I began to follow Drake’s career, purchasing his debut CD in June 2010 from a 24-hour Best Buy following a work shift that ended around 4 a.m. Fittingly, the sun was coming up by the time I arrived back in New Jersey.
That October, my then-girlfriend allowed me to drag her to a concert at Radio City Music Hall in which we were obviously the oldest non-parents there. (And that’s accounting for Montana being 24 at the time.) It was a similar situation a year and a half later, when Montana, by then my fiancee, took me to see the Club Paradise tour in a driving rainstorm, the night before Drake chucked bottles at Chris Brown in the club. The teenagers around us slid down muddy embankments without a care in the world, while we bundled up in massive parkas and had a great, if sensible, time.
All along, what has piqued my interest about Drake is his intentionally grim modus operandi. Belying his carefully curated persona as hip-hop’s Gloomy Gus, Drake always appears in theory to be having a pretty good time, and why not? He’s young, rich, reasonably talented and friends with LeBron James. There’s probably at least some truth to the nonsense he’s rapping about — maybe he really is pretty lousy with women? — but for the most part, it seems like everything’s coming up Drake.
Not to mention, like a politician, the guy has mastered the art of being everything to everyone. Five days after he went on SportsCenter gushing how he’s a die-hard Heat fan, he took some trumped-up position or somethingÃ‚Â in the Raptors’ front office.Ã‚Â I don’t know very much about soccer, but I know Drake shouts out a different team every time someone wins a match.Ã‚Â If you’re into R&B songs for and about women, Drake has you covered; if you prefer straight-up rap, well, Drake can sort of pull that off too. Whatever you want him to be, that’s what he is.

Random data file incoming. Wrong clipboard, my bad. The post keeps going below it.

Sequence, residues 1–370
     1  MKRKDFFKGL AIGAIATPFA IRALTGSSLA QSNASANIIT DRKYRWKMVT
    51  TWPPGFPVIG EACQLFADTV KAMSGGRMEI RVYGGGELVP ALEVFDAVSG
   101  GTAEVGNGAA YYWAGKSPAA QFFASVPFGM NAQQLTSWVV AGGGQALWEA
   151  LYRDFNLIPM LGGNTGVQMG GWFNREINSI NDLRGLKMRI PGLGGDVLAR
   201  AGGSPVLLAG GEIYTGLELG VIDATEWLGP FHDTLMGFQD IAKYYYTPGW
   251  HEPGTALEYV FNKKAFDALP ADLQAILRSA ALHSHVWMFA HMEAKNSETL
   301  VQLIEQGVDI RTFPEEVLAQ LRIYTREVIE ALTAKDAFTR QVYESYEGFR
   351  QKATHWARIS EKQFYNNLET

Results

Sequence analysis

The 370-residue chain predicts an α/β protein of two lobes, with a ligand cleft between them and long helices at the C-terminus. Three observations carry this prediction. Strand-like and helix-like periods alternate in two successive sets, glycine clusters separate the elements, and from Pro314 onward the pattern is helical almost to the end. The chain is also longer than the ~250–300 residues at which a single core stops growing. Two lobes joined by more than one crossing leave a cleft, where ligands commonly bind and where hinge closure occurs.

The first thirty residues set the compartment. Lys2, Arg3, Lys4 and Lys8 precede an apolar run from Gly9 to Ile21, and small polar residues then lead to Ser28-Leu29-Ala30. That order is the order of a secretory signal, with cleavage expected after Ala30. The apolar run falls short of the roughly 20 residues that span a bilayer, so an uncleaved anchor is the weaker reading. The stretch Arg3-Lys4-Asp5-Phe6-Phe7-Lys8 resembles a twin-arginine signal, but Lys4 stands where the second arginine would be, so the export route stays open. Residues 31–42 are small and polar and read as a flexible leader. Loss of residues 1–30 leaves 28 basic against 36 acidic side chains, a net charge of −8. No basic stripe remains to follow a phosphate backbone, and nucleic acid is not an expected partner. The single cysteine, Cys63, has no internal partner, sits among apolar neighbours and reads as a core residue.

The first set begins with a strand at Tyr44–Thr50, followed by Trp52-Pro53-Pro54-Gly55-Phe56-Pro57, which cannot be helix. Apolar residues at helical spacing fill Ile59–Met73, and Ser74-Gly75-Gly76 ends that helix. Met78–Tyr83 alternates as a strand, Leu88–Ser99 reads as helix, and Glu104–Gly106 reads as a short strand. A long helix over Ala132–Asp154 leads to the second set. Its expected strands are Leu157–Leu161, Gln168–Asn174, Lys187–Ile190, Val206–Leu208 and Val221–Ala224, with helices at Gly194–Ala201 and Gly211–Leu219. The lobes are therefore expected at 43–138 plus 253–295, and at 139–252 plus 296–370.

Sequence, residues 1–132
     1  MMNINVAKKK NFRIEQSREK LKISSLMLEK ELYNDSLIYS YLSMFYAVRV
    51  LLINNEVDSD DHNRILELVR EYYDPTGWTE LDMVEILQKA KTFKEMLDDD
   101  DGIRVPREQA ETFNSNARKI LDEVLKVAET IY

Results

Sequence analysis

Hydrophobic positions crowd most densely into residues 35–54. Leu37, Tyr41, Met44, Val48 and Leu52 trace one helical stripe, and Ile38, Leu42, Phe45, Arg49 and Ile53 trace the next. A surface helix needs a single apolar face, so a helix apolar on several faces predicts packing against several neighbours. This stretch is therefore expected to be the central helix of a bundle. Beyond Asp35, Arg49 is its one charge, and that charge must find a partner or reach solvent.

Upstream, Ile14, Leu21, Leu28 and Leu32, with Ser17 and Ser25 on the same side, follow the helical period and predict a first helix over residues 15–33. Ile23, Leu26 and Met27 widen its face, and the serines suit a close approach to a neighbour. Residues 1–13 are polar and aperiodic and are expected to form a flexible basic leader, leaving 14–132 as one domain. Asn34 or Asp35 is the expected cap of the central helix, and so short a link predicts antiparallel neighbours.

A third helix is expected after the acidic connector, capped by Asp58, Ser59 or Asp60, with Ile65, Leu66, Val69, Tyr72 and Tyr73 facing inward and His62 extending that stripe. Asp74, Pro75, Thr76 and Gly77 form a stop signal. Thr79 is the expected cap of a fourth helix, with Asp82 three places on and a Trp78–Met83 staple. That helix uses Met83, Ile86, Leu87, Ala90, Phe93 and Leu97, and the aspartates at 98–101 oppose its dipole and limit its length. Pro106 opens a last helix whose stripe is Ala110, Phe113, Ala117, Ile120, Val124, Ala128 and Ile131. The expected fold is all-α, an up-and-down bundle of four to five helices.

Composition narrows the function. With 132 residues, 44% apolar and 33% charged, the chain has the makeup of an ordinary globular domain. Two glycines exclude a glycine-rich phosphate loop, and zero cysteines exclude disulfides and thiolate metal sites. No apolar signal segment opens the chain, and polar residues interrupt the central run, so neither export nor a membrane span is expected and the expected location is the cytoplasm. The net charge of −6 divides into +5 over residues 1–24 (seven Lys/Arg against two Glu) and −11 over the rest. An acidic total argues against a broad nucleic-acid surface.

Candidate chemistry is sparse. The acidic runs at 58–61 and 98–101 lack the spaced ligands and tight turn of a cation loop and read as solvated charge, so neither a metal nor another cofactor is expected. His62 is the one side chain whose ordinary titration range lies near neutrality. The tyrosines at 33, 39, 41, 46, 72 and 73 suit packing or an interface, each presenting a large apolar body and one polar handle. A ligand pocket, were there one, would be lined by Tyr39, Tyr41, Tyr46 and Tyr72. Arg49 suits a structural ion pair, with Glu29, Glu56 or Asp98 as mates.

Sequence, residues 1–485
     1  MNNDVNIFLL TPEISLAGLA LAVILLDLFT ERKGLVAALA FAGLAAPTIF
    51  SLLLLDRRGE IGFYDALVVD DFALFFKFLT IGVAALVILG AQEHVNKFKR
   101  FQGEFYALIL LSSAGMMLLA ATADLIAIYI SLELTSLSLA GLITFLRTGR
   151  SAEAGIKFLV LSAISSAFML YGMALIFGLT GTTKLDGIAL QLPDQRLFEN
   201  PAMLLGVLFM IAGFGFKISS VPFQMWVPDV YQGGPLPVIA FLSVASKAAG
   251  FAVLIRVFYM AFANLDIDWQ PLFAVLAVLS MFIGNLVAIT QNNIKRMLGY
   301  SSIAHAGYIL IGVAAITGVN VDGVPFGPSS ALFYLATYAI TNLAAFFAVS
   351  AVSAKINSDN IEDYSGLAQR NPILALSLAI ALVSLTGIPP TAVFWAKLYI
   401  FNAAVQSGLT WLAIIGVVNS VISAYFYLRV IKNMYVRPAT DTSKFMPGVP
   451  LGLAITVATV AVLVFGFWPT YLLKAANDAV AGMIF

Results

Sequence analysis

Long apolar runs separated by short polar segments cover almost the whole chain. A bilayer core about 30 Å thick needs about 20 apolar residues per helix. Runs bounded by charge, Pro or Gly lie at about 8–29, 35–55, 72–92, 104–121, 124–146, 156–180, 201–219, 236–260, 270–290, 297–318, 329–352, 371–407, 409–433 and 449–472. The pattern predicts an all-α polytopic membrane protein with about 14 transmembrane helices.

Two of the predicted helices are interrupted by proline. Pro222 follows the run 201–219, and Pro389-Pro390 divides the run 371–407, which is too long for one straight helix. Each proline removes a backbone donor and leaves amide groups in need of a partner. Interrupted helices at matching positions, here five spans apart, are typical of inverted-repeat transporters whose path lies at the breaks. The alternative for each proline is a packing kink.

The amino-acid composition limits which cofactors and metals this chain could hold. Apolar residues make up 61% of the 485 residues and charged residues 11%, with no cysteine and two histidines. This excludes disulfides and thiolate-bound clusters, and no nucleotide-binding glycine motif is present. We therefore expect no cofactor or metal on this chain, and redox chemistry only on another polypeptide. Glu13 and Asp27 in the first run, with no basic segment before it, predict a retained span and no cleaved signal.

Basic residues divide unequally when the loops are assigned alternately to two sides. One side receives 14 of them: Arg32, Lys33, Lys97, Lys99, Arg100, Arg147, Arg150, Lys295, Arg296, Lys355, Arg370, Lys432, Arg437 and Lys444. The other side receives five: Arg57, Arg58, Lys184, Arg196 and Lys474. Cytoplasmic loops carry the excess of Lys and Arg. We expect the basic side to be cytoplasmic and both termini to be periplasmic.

With apologies to the great Jimmy Tobin, I’m admittedly at least something of a Drake fan, though I’ve never been able to quantify how much of that is ironic. I like Drake, but I’ve also come to join the chorus that enjoys mocking Drake for being soft and such, especially after his stunt at the Jordan Classic.
In terms of Drake’s music, it has its place for me because it’s relatively accessible. If I’m just driving to the supermarket or something, sometimes I’m not necessarily in the mood to put on Mobb Deep or Necro. Whatever, throw on some Drake. It’s kind of the fallback option, like when my wife and I don’t want to invest ourselves in an hour-long television show, so we default to whatever’s on Food Network.
But primarily, I’ve honestly come to view Drake as a human measuring stick. Whenever the guy does something, I think about how far I’ve come from watching Degrassi in that empty office.
There was a lot I didn’t like about that completely nocturnal year, namely that I virtually never saw my friends or family. But it was nonetheless an amazing time for me — first real job, first place of my own, sink or swim.Ã‚Â Some of those nights seemed endless, and I was tired literally all the time.
But riding the subways at 1 a.m. with the freaks and junkies hardened me up quite a bit, and there was a certain sense of clarity that came with being alone with my thoughts while seemingly the entire world slept. I dreamed a lot back then, and tried to imagine how it would all turn out.
Almost a decade later, I’m married to my best friend, we have a wonderful puppy and I see the sun most days. It’s almost like that overnight year never happened.
Then Drake interrupts my interview, and it brings me right back to some very dark nights, with the dawn never quite as far off as it seemed.